Anyway: This little get-together has me running around a bit and I haven't been able to visit and comment on your sites for a couple of days. But i promise to be by sometime after tonight. So, 'til then: See ya! And have a great weekend y'all...

Thursday, April 15, 2004

Curry party update

Okay, yesterday, I went with M to get the food for the party, and it wasn't cheap. Someone commented that I might try a pot luck, but I don't like that because different people bring different amounts and there is always some discrepancy that makes it seem unfair. Besides, while it ain't cheap, I like to feed my students, just like I liked being fed by one of my professors long ago at UCLA. Anyway, here's the scheduled menu:

  • Vegetable curry with spinach (iron), tomato (for mildness), carrots (beta carotene) and onions (cuz I like onions) in a medium-hot S&B roux.
  • Chicken curry: Green Thai curry with bamboo shoots, eggplant, onions and chicken. This is medium hot, too.
  • Dry curry: My famous dry curry--one beef, one vegetarian (soy)--in a secret mix of vegetables, spices and sauces.
  • Korokke (potato croquettes): One beef and one vegetarian. May be eaten with the curry (suggested), or separately with chuno sauce--that's the medium sauce between Worchester and tonkatsu sauce.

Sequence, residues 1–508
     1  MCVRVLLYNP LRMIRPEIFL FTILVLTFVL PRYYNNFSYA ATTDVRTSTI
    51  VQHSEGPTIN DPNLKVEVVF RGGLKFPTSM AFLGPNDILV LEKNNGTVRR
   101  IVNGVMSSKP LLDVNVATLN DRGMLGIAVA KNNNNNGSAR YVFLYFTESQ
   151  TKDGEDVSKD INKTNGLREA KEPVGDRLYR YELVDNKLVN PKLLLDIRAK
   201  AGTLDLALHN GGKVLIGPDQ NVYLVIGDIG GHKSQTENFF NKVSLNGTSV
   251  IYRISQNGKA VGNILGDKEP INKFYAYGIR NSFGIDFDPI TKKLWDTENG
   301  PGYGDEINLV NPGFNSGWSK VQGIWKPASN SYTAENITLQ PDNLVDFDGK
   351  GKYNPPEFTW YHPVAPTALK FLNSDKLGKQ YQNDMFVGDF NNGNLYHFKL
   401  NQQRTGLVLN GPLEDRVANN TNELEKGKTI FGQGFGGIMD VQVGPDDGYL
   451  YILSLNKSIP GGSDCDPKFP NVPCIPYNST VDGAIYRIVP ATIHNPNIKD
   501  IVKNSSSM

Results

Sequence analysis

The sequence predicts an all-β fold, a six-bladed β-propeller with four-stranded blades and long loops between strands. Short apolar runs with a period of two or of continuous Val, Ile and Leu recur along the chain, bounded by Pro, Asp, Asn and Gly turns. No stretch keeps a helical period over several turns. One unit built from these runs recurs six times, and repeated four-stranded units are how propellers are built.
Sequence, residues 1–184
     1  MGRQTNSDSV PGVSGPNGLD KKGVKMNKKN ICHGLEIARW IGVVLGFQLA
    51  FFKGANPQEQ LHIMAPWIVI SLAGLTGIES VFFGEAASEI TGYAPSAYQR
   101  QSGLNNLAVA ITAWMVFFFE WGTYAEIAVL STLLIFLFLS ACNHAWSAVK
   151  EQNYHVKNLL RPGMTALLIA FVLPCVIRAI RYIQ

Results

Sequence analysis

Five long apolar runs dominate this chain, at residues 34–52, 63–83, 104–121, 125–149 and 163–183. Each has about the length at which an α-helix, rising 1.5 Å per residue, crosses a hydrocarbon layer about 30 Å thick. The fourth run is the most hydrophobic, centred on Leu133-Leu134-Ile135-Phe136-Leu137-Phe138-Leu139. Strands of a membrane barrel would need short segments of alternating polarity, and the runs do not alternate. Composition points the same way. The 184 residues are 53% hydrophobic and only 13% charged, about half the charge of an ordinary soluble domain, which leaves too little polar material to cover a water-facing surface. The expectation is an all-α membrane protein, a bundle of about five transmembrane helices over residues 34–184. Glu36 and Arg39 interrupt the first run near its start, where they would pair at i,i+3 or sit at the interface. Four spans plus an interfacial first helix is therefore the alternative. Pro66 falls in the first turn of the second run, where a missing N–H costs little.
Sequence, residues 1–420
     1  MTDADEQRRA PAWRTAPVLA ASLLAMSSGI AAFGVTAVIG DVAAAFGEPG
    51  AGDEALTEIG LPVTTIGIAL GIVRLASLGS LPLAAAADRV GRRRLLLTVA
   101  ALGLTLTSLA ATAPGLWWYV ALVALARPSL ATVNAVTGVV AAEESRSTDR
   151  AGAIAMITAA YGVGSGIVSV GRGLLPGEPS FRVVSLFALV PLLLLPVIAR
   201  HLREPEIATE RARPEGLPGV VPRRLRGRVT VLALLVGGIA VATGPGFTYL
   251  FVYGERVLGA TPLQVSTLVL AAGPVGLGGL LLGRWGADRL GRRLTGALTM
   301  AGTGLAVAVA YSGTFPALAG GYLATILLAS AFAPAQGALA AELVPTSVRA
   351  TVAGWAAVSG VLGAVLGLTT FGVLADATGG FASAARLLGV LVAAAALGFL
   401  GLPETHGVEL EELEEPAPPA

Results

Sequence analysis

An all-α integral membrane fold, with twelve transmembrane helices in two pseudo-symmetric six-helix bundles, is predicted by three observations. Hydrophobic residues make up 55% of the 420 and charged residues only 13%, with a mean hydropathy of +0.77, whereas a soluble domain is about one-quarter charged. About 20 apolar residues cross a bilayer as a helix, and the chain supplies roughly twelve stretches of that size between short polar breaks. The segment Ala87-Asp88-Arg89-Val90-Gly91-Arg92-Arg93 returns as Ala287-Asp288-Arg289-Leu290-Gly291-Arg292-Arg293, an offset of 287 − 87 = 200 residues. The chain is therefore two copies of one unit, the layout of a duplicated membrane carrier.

Other gatherings

And before anyone has a cow, let me state that even though this may be the last "major" curry party, my bungo students--the ones I really love, major or not--will still get an invite. My house is their house... wait, let me rephrase that... um, they can come when I invite them... er, that didn't come out well either. Anyway, the bungo class has already reached its cap of 15--the first time EVER--in three days since registration openned. WTF is happening? Why would anyone who is not a major want to subject themselves to such torture? Only a handful get an A--like 2 out of every 10--and it is hard as all get out. But more importantly, how am I gonna make 15 okonomiyaki? Ugh! I hope they aren't taking the class just to get fed...

Wednesday, April 14, 2004

Taxes, taxes, taxes

I hate April 15th. I get all my forms together, all my receipts together and try to figure out how to limit my tax responsibility to the amount I am legally required to pay. What a headache... It was suggested to me that I let a professional do my taxes. The money it would cost would be offset by the money I'd save. So I did it...

Well, I paid more taxes than I've ever paid. And I even had to pay for the privilege. These kinds of suggestions I can do without... And not only that, the tax preparer looks at my W2 and is surprised at the income of this instructor: "You certainly aren't wealthy." No shit. As if I needed a professional to tell me that.

But in either case, its over until next year. I don't want to even think about it... I hope everyone else got a refund to "offset" what I paid.

Geez, I need a drink...

Curry party

This Friday, I'm having a curry party for J majors and my bungo students. They are very special to me, as are my former majors. I think there are about 20 coming. I have had a number of people ask me if they could come, but I have turned them away, even those who want to bring a SO. But this will be the last one I hold, unless someone can figure out how I can deduct it from my taxes...